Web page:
Sculpture, Basic Design, Drawing

Studying Sculpture

Sculpture encompasses the widest array of media, genres, and characters practicing visual art. We live in a spatial world. Learning to communicate by manipulating space and form is a way of expanding the mind and developing one's spirit. Times change, mediums develop, concepts shift, but the ability to transpose an idea into form is timeless.

In the sculpture program, you first learn basic ideas and processes, including plaster mold-making, clay work and wood working. Advanced students will expand to welded sculpture, bronze casting, mixed media installation and advanced conceptual work. Mt. Hood Community College is the only Portland-area college where iron casting is taught, and we have a superb bronze-casting program.

The Studio

Plaster Lab

Situated among attractive landscaping in a spacious indoor/ outdoor setting, the Visual Arts Department’s Sculpture studios have a full foundry, welding lab, woodshop, and plaster/ clay facilities. The foundry has a McEnglevan Speedy Melt for bronze and aluminum casting. Our iron cupolette, known as “Big Barbie”, melts 100 pounds of iron per tap. We build molds using plaster investment/ lost wax and bonded sand.

The welding lab offers the chance to do MIG, TIG, oxy-acetylene, stick arc welding, and finishing work on cast pieces. The fully ventilated wood shop includes a table saw, radial arm saw, joiner, planer, and a wide range of other tools. For ceramic sculpture, we have two electric kilns, a slab roller, and an extruder. The labs are very well equipped with a wide range of possibilities for working in every material.

Plaster Lab


Sculpture classes are scheduled to accommodate both the full-time employed and full-time students. Classes are offered daytime and evenings.


Special Programs

Iron Casting

We currently offer the only iron-casting course in the Portland area. This class is held once a year, and emphasizes the ideas and processes of iron casting, from form and mold making to pouring and finishing. Iron casting is a materially and personally transformative experience.

Big Barbie
Big Barbie


Franconia Sculpture Park, Taylors Falls, MN
Franconia Sculpture Park, Taylors Falls, MN
Alissa DeSalvo, student intern, It's Elementary,
Alissa DeSalvo, student intern, It's Elementary,
6'x6'x6', chain link fence, photos, 2002

A supported internship to Franconia Sculpture Park is awarded to an outstanding sculpture student based on his or her merit and successful application. Past support received from the Associated Student Government and the MHCC Foundation.

Visiting Artists

Jeffrey Kalstrom

Sculptor Jeffrey Kalstrom, a nationally recognized cast metal sculptor from Minnesota, worked in the sculpture lab alongside sculpture students from May 5 through May 13.

His residency culminated in a public iron pour at the Mt. Hood Community College sculpture studio on Mother's Day, Sunday, May 11.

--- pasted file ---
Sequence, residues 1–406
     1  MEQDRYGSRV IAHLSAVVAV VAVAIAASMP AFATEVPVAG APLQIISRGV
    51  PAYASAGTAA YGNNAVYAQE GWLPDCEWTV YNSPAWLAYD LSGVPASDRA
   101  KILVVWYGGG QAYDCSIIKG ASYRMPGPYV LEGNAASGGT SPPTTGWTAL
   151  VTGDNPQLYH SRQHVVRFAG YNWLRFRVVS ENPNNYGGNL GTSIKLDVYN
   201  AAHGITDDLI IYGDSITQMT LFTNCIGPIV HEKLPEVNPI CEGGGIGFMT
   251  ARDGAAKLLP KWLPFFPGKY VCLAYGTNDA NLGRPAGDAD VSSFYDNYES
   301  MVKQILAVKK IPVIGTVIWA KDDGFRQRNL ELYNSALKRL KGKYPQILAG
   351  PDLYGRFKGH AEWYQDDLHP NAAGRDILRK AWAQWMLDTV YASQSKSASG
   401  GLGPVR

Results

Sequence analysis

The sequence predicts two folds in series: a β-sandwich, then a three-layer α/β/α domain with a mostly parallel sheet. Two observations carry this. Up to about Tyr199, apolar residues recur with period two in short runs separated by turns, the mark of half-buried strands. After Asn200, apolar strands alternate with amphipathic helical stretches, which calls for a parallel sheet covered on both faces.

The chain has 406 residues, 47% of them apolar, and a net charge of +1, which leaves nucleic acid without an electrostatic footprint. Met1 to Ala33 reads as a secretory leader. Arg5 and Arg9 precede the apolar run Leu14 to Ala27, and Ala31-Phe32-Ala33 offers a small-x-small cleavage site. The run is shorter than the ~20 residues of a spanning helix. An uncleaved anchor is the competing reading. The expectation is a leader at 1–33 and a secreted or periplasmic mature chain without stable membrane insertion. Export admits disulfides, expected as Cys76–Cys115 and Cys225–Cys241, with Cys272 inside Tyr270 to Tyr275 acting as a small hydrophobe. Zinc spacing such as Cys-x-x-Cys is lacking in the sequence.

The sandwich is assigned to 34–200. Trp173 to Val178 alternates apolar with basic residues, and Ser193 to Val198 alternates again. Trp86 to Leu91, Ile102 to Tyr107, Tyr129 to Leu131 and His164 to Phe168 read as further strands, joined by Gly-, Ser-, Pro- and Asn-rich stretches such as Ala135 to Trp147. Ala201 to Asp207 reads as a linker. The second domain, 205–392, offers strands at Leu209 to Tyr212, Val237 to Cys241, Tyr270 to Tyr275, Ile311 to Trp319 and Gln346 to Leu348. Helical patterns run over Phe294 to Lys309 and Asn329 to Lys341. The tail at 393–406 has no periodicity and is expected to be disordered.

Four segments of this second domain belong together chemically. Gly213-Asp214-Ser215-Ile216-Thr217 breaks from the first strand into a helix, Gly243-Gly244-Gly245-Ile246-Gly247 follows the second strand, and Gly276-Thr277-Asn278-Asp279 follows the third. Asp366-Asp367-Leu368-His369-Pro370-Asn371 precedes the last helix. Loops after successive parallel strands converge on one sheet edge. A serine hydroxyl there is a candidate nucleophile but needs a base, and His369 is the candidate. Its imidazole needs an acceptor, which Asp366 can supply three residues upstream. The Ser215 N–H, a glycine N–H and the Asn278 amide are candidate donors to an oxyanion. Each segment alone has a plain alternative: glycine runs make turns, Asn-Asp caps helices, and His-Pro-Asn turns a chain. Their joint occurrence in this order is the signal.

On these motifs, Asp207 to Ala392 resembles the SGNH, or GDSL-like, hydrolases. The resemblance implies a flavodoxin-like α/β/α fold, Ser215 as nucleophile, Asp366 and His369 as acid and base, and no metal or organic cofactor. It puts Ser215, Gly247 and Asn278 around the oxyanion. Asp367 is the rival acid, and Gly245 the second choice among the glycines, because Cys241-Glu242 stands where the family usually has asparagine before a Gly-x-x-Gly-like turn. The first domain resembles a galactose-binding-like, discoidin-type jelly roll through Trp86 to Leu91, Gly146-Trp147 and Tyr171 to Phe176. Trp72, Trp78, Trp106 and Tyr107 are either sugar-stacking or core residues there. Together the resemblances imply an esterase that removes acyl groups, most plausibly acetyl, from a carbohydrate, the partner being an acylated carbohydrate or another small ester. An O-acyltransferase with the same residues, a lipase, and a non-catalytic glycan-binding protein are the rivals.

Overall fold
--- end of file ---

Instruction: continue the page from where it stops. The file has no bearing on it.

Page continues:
Jeff's sculptures will be on exhibit in the library beginning May 21.

This residency is supported by an Innovation in Teaching Grant from the Mt. Hood Community College Teaching and Learning Cooperative and by the Sculpture Program.

Mother's Day Iron Pour, May 11, 2008

Visiting Artist Jeff Kalstrom at work in the sculpture studios:

Sculpture student Brocken Baltrus applies graphite powder to a plasticene form prior to molding.

Sculpture students watch as Jeff demonstrates sand mold making. Plasticene form is inside flask.

Artist Jeffery Kalstrom finishes a plasticene form he will cast in iron during the Mother's Day Pour.

Carolyn Mills
February 2007
Repeat by Carolyn Mills
Repeat, 6' x 2'8" 8'10",
Fabricated steel, 2005

Carolyn Mills sculpture ‘Repeat’ will be on exhibit between the art mall and the main campus until 2009.

The sculpture ‘Repeat’ is of a ‘Huey’ helicopter, known as a ‘slick’. These helicopters were used in Vietnam to move living, dead and wounded soldiers, and to move supplies. A soldier sat in a seat on each side of the slick with a sixty-caliber machine gun. This is not a gunship, but it was often used in firefights. My husband spent most of 1968/69 sitting in that seat.

The sculpture is first and foremost about memory, about the power of extreme experiences to repeat in memory for the person who experienced them, and about the power of similar events to reactivate those memories in a devastating way. It is also about the repeat of war, with its creation of new veterans who carry these extreme, repeating memories.

The sculpture is about futility, about memories that cannot be resolved in a better way because what is done cannot be undone, about the repeating nature of war, with its predictable victims and crimes, present regardless of its being a ‘good’ war or a ‘bad’ war, about the acquiescing blindness with which we fly into the wall of war, repeating earlier acquiescence, without question.

Michael Rathbun
October 2002
Passing Revelation, 40'x40'x18', wood, 2002
Passing Revelation,
40'x40'x18', wood, 2002
Michael Rathbun built a large-scale wood installation in the Visual Arts Gallery, entitled Passing Revelation. He worked with sculpture students to fabricate hundreds of feet of laminated wood, joined to create a forty-foot wide interlinked spiral. Camp's Lumber and Oja Lumber provided material support.

Andrew MacGuffie built a large-scale outdoor steel sculpture entitled "When it rains..." that will be on exhibit at the college until 2006. He worked with both sculpture and welding students. This project was supported by the Welding Department, the Teaching and Learning Cooperative, and the Visual Arts Department.


Andrew MacGuffie
February 2004

"When it rains..."
7'6" x 7'6" x 19', steel, 2004

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 Last Modified: 4/15/2010 11:24:06 AM